An excerpt from the new book, “Murphy’s Law: My Journey from Ranger and Green Beret to Investigative Journalist

Another story developed when a fixer we had hired to help translate informed us that there was a big battle going down early the next morning near Kirkuk. No way were we going to pass that up. We left around four a.m. the next morning.

“Just keep driving until you get to the Daesh,” the Peshmerga checkpoint guard said. I was trying to get to the front line to follow along with the Kurdish offensive outside Kirkuk on September 11. Can’t really blame the guard for his concise instructions. As our car approached the front, we saw dozens of up-armored Humvees and pickup trucks. Peshmerga fighters stood around waiting for their orders, talking and smoking cigarettes. As I got out of the car and began walking down the road, a group of Kurdish journalists looked at me and began waving their hands, saying, “No good, no good!”

The puffs of smoke from either IEDs or mortar rounds rose into the air in the distance. Before even getting to the berm lines, I ran into a group of foreigners who had joined up with the 9th Brigade. They all wore MultiCam and balaclavas to conceal their identity. As I was soon to find out, one of them had already had his rifle confiscated because he was taking potshots at the Pesh, mistaking them for ISIS.

It was now about six a.m. The sun had not fully risen and burned off the cloudy haze that engulfed the battlefield. The Peshmerga’s mission today was to liberate a series of villages on the outskirts of Kirkuk, pushing ISIS farther away from the city. What I had come upon was a fighting column, firing on a Daesh village called Zanghar with machine guns and tanks, while hundreds of vehicles were stacked up, ready to roll forward.

For fans of the New York Times bestsellers “The Last Punisher” and “Lone Survivor,” a heart-pounding military memoir from a former Army Ranger sniper and Special Operations weapon sergeant-turned-journalist about the incredible highs and devastating lows of his career.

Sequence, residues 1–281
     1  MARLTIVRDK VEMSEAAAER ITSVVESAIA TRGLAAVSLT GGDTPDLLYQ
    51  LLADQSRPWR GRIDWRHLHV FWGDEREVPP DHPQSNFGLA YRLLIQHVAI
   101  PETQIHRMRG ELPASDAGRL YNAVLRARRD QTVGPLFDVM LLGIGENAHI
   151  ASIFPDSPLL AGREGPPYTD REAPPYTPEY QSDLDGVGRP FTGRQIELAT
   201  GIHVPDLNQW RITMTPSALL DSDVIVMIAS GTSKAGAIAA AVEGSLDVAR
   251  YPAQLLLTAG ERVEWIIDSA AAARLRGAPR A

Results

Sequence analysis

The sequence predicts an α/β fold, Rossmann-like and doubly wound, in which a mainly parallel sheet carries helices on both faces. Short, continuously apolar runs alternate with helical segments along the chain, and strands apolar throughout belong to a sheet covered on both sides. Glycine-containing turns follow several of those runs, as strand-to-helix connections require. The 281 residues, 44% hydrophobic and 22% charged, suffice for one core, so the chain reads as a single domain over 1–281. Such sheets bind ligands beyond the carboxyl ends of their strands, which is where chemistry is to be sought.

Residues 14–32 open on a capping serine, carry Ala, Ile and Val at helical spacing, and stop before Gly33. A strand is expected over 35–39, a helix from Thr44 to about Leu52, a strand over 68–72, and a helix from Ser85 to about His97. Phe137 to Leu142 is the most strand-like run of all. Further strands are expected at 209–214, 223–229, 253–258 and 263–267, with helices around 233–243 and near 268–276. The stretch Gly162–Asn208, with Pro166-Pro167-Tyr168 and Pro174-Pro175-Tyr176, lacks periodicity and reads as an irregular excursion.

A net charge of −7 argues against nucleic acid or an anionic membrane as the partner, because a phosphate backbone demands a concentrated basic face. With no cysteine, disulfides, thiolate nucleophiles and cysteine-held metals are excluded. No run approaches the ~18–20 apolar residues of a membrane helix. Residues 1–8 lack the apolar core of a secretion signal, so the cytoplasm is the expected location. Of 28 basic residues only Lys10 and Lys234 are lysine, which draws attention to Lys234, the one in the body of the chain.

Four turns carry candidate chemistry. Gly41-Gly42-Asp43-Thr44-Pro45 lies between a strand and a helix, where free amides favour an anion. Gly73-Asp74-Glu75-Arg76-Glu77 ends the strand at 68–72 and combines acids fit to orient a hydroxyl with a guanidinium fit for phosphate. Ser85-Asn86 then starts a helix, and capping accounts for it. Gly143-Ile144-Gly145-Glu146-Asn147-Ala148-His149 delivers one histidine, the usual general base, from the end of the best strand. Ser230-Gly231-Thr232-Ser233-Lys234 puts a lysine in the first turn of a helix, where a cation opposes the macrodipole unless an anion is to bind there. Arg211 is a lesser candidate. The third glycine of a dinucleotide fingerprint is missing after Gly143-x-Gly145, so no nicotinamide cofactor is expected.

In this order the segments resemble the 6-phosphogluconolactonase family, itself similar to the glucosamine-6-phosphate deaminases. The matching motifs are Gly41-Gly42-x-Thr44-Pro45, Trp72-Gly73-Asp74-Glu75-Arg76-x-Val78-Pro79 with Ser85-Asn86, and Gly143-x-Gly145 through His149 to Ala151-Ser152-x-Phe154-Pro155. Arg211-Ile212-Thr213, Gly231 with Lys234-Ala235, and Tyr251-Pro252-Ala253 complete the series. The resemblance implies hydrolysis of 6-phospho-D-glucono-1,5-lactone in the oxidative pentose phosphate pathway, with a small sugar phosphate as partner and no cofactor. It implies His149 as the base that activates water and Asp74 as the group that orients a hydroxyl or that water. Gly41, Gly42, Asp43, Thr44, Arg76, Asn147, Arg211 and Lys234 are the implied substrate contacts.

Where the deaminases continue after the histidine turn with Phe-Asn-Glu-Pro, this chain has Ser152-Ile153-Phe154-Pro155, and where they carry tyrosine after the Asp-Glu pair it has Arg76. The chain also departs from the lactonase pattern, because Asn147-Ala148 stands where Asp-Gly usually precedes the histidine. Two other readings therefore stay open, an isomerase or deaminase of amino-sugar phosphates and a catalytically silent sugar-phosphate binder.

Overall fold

Growing up in small New York towns, Jack Murphy knew he wanted to lead a life far from the ordinary – a life of adventure and valor. After the 9/11 attacks, he immediately enlisted in the Army, knowing this was his chance to live the life he desired and fight for a cause he staunchly supported. After making it through the rigorous Ranger Indoctrination Program, he graduated sniper school and was promptly deployed to Afghanistan, where his experiences went from ordinary to extraordinary.

In this gripping military memoir, Murphy recounts the multiple missions he underwent as a Ranger, a Special Forces weapons sergeant, and ultimately, a boots-on-the-ground journalist. From enemy ambushes, dodging explosives, crashing terrorists’ weddings, and landing helicopters in the streets of Mosul, Jack provides a hard-hitting glimpse of what combat is like in some of the world’s most dangerous, war-torn places. With tours of duty in two of the most decorated units of the armed forces, Murphy brings a unique perspective to the military genre as he reflects on his great triumphs and shattering failures both on and off the battlefield.

Later, Murphy turned his attention to breaking news within the military. His stories have taken him from Iraq to Switzerland, from Syria to South Korea. From crossing Middle Eastern borders in the dead of night, to rolling into an IED-laden zone, Murphy’s stories are always a thrill a minute.

Murphy’s Law” tells a story of intense bravery and sacrifice – both on and off the battlefield. Get it today as a hardcover, ebook, or audio book.